|Public buildings and village hall||Power to provide buildings for offices and for public meetings and assemblies||Local Government Act 1972, s.133|
|Public Conveniences||Power to provide||Public Health Act 1936, s.87|
|Recreation||Power to acquire land for or to provide recreation grounds, public walks, pleasure grounds and open spaces and to manage and control themPower to provide gymnasiums, playing fields, holiday campsProvision of boating pools||
Public Health Act 1875, s.164
Local Government Act 1972, Sched.14 para.27
Public Health Acts Amendment Act 1890 s.44
Open Spaces Act 1906, ss.9 and 10
Local Government (Miscellaneous Provisions) Act 1976, s.19
Public Health Act 1961, s.54
|Town and Country Planning||Right to be notified of planning applications||Town and Country Planning Act 1990, Sched.1, para.8|
|Tourism||Power to contribute to organisations encouraging||Local Government Act 1972, s.144|
|Traffic Calming||Powers to contribute financially to traffic calming schemes||Local Government and Rating Act 1997, s.30|
|Transport||Powers to spend money on community transport schemes||Local Government and Rating Act 1997, s.26-29|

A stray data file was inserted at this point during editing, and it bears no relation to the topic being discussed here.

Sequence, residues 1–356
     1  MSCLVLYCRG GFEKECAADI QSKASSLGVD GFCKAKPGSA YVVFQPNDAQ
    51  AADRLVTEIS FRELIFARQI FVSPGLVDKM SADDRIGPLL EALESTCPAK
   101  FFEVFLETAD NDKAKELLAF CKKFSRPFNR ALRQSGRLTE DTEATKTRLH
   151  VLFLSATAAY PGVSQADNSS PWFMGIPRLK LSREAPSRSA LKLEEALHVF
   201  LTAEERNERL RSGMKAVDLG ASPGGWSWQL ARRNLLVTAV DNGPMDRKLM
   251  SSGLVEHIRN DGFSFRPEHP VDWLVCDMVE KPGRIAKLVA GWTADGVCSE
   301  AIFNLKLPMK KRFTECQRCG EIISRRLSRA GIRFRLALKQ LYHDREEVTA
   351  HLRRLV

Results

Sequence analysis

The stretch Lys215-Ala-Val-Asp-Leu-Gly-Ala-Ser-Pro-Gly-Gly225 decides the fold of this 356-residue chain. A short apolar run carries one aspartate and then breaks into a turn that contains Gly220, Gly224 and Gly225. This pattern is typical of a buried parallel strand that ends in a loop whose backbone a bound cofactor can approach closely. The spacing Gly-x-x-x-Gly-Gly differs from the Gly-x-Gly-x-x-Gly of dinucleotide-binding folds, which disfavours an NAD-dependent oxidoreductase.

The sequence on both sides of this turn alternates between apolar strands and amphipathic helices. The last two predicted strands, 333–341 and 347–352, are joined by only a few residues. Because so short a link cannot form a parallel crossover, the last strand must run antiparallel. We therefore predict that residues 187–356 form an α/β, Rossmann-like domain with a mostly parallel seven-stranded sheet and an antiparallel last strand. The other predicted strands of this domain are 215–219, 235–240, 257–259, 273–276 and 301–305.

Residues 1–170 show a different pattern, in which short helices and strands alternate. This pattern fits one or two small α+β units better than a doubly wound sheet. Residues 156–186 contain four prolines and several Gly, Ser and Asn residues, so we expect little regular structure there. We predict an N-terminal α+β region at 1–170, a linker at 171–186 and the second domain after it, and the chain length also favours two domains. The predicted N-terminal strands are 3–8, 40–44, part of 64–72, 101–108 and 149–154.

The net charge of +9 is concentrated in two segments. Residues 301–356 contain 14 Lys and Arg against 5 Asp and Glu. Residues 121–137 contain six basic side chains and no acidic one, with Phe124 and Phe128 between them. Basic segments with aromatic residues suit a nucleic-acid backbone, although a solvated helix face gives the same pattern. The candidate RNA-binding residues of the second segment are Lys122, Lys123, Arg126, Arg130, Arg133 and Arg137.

|War memorials||Power to maintain, repairs, protect and adapt war memorials||War Memorials (Local Authorities’ Powers) Act 1923, s.1; as extended by Local Government Act 1948, s.133|
|Water Supply||Power to utilise well, spring or stream and to provide facilities for obtaining water therefrom||Public Health Act 1936, s.125|
What is a Parish Council?
There are over 9,000 parish and town councils in England and they form the tier of local government closest to the people.
Parish and town councils are self-governing local authorities composed of representatives elected by parishioners to make decisions and speak on their behalf.
A Parish Council represents and serves the whole community. It is responsible for the services it provides and for achieving the best value for the spending of public money.
The Council is a ‘corporate body’, which means it exists as a legal entity, and the decisions it takes are the responsibility of the Council as a whole. Individual members of the Parish Council, including the Chair, have no statutory authority on their own.
Any parish council can call itself a “town council” if it considers it appropriate to do so and is in an urban area, and the chairman of a town council may be called a “town mayor”. Town Councils however, have no greater powers than Parish Councils, although they may choose to use more of the powers open to them.
Parish Councils have a limited number of duties, but they do, however, have wide powers, should they decide to use them and they may, with agreement of the district or county council, exercise certain functions normally carried out by those councils.
By their very nature, parish councils aim to maintain a close relationship with the local community. South Hinksey Parish Council encourage the public to put forward issues for the agenda, and to attend council meetings as observers or to participate in the open forum at the start of meetings.